National Cathedral Hosts Forum Reflecting King's Message After The March | WAMU 88.5 - American University Radio

WAMU 88.5 : News

Filed Under:

National Cathedral Hosts Forum Reflecting King's Message After The March

Play associated audio
The National Cathedral in Washington, D.C.
http://www.flickr.com/photos/tensafefrogs/66715533/
The National Cathedral in Washington, D.C.

Five years after the March on Washington, Dr. Martin Luther King, Jr. gave what would be his last Sunday sermon at the National Cathedral in D.C.

"Remaining Awake Through a Great Revolution" was the title of King's very last Sunday sermon.

"Racial injustice is still the black man's burden and the white man's shame. It is an unhappy truth that racism is a way of life for the vast majority of white Americans," said King in his speech.

Congress had passed the Civil Rights Act and the Voting Rights Act, but King said America's most urgent priority was to eradicate the "disease of racism." Rev. Gary Hall, dean of the National Cathedral, says the issues haven't changed much in the 21st century.

"Voter suppression, the path to prison... that is such a big issue for young African American men, and racial profiling," says Hall, during a forum he hosted, reflecting on King's message, 50 years after the March.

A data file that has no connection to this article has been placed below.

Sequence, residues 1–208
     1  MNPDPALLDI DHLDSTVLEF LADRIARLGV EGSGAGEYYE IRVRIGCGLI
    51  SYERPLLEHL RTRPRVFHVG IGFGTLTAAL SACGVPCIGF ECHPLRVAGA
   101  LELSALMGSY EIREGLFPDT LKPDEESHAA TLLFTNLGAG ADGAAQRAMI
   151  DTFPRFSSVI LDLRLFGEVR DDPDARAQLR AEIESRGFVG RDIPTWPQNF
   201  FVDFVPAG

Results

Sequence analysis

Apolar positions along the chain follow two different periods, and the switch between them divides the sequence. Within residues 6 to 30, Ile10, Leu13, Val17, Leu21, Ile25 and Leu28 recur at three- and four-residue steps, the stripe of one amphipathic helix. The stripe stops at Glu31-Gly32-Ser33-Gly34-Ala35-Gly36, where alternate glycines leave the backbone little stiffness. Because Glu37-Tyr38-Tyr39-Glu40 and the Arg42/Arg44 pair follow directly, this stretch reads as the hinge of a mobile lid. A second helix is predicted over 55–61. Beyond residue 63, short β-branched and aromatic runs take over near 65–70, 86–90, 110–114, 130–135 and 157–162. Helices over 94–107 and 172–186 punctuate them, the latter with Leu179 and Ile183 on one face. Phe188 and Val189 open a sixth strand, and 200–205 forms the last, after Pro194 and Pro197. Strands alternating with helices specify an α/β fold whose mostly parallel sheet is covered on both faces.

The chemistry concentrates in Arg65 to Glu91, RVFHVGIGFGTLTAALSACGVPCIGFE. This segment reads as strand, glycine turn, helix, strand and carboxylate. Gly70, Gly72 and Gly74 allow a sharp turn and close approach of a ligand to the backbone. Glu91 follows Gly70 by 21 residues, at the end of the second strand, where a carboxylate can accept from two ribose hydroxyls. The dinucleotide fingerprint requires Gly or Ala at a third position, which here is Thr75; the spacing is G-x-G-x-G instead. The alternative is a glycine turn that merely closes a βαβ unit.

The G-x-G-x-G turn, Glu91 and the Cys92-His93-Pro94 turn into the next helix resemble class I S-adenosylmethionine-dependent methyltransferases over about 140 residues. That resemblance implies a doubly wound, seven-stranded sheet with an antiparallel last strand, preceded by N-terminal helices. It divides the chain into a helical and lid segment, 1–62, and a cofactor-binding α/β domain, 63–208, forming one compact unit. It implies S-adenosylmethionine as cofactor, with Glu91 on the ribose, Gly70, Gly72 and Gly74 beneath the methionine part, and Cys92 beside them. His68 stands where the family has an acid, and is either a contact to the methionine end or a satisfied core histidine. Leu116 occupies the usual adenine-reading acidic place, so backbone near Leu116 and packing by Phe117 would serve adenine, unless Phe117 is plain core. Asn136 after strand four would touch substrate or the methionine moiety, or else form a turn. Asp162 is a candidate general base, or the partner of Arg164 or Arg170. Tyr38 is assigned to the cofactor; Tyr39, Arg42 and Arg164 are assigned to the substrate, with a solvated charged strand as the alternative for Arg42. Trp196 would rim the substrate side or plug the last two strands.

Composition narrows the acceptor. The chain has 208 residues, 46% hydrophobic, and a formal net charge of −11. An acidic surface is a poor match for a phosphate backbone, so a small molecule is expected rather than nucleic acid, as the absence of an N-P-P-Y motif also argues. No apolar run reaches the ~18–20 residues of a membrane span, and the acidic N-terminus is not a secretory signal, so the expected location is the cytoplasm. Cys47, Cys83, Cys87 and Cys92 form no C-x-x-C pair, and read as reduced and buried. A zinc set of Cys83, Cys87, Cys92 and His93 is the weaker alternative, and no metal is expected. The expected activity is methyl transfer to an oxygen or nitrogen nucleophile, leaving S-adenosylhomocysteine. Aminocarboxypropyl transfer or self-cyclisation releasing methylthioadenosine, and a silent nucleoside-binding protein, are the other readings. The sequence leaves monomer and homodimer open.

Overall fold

Hall says recent events highlight today's unspoken racism. "We have the Supreme Court's Voting Rights Act decision, we have the acquittal of George Zimmerman."

King was assassinated just four days after his sermon in 1968.

March on Washington anniversary events continue through Wednesday, when President Obama will speak from the Lincoln Memorial.

WAMU 88.5

Art Beat With Lauren Landau, Oct. 23

You can see a play and hear music made famous by film.

NPR

Why California's Drought-Stressed Fruit May Be Better For You

Is California's severe drought hurting the nutrient content of fruit? No, preliminary data on pomegranates suggest. The fruit may be smaller, but packed with more antioxidants, tests show.
NPR

In North Carolina, Latino Voters Could Decide Tight Senate Race

Latinos make up 9 percent of the state's population and 2 percent of registered voters, and a new poll shows many are undecided. In Charlotte, Michel Martin learns more about their growing influence.
NPR

Mark Zuckerberg Shows Off His Mandarin Chinese Skills

The Facebook co-founder and CEO spoke at Tsinghua University in Beijing for about 30 minutes. In Mandarin. His audience liked it.

Leave a Comment

Help keep the conversation civil. Please refer to our Terms of Use and Code of Conduct before posting your comments.